Before you reach for a glass of milk to soothe your ulcer pain, consider this: Much of what we used to “know” about ulcers has been proven wrong. Most ulcers aren’t caused directly by stress but by the bacterium Helicobacter pylori, which is why ulcers today are often treated with antibiotics along with an acid suppressor. Find out which foods can aid in healing and preventing ulcers.
Cabbage can help prevent ulcers
Scientists think that it may be the amino acid glutamine that gives cabbage its anti-ulcer punch. Glutamine helps to fortify the mucosal lining of the gut and to improve blood flow to the stomach, meaning it not only helps prevent ulcers but can also speed healing of existing sores.
Recommended dose: Eat 2 cups of raw cabbage daily. Add it to salads, coleslaw, and wraps. You can also drink raw cabbage juice, sold in health food stores. Drink a quart a day for three weeks if—you can stand it!
Yogurt with active cultures can help prevent ulcers
Foods like yogurt and kefir (fermented milk) contain “good bacteria” that can inhibit H. pylori and may help ulcers heal faster. In one large study in Sweden, people who ate fermented milk products like yogurt at least three times a week were much less likely to have ulcers than people who ate yogurt less often.
Recommended dose: Have a cup of yogurt, kefir, or another fermented milk product with live, active cultures at least once a day. Avoid sweetened varieties, which are less effective.
Fruits, vegetables, whole grains and other foods high in fibre can prevent ulcers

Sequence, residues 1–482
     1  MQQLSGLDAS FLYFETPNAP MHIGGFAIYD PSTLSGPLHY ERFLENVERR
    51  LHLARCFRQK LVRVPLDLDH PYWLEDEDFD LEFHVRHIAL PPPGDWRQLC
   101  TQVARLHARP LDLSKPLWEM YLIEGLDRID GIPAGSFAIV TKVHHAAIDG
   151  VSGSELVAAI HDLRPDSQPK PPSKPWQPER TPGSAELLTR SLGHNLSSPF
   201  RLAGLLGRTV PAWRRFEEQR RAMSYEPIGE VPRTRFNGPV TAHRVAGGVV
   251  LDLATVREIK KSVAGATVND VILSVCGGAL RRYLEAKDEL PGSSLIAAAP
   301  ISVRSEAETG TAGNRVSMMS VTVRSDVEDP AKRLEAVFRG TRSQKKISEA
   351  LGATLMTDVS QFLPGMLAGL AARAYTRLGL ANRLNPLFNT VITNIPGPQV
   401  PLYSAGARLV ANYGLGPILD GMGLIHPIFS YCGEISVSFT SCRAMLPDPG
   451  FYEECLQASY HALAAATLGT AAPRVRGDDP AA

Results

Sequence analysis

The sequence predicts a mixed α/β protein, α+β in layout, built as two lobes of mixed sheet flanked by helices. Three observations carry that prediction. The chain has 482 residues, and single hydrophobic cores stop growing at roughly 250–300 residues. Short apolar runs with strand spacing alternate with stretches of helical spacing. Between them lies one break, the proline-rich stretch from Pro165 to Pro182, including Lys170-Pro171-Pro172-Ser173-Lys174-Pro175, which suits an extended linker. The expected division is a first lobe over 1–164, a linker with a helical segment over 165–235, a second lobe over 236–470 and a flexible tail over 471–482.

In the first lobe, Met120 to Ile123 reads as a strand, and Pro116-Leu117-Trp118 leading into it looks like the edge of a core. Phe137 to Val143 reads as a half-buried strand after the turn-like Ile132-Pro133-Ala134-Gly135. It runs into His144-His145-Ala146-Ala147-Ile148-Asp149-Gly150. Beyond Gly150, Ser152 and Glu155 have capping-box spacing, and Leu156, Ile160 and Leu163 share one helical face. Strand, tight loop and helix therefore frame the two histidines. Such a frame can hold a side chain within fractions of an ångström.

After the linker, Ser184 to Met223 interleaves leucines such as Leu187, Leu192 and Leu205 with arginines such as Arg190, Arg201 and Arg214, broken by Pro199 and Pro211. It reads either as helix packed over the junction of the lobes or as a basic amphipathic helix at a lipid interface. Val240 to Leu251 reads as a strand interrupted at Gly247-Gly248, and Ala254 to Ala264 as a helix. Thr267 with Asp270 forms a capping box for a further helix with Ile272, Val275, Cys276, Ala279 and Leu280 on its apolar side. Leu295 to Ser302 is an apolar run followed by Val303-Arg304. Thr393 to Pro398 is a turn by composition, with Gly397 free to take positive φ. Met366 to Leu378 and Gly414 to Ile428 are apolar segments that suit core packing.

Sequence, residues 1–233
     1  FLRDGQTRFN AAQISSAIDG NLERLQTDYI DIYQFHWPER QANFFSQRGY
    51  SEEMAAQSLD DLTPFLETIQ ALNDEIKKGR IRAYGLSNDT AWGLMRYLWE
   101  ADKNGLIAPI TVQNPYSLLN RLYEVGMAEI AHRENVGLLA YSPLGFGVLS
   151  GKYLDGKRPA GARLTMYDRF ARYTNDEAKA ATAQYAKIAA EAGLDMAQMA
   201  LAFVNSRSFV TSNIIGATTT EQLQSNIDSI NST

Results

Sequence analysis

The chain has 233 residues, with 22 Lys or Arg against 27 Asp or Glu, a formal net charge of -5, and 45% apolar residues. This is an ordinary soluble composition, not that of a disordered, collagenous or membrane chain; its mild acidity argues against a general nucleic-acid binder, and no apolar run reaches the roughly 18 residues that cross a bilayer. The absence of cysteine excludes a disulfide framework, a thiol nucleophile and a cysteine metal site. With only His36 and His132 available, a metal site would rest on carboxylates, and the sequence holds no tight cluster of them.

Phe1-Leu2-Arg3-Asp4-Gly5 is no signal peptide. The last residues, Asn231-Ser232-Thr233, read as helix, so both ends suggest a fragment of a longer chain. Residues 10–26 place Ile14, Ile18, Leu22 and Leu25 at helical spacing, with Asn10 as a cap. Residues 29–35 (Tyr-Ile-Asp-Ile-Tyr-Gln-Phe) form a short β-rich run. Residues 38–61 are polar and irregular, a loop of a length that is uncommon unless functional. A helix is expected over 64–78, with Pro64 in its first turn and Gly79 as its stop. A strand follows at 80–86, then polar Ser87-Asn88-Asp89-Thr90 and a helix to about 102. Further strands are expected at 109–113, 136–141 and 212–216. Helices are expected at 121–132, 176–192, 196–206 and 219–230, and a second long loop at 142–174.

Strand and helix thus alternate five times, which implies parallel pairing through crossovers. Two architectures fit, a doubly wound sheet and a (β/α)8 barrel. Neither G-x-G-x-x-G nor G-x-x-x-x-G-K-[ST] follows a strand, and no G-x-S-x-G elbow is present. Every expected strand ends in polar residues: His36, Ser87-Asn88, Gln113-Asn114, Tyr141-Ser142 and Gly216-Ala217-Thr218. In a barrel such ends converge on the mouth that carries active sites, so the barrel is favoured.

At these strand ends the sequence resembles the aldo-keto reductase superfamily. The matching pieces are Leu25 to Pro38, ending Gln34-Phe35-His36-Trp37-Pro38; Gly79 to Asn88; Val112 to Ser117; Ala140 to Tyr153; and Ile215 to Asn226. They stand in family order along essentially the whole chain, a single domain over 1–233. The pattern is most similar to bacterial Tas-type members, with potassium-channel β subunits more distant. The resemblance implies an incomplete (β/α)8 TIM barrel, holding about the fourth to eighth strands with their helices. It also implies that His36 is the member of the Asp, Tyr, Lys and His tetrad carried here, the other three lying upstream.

Add another star to fibre’s crown. Besides keeping you regular, fibre has a role in keeping ulcers at bay, especially those in the duodenum. A number of studies have found that people who eat high-fibre diets have a lower risk of developing ulcers. In the Physicians Health Study from Harvard, researchers looked at the diets of 47,806 men and found that those who ate 11 grams or more of fibre from vegetables had a 32 per cent lower risk of developing duodenal ulcers.
Scientists aren’t sure how fibre helps, but it may be thanks to the fact that it slows the emptying of the stomach and thus reduces the amount of time the stomach lining and duodenum are exposed to digestive acids. Soluble fibre, the kind found in oats, beans, barley, peas, and pears, also forms a slippery goo in the stomach that acts as a barrier between the stomach lining and corrosive stomach acids.
Recommended dose: General health guidelines suggest getting 25 to 35 grams of fibre a day.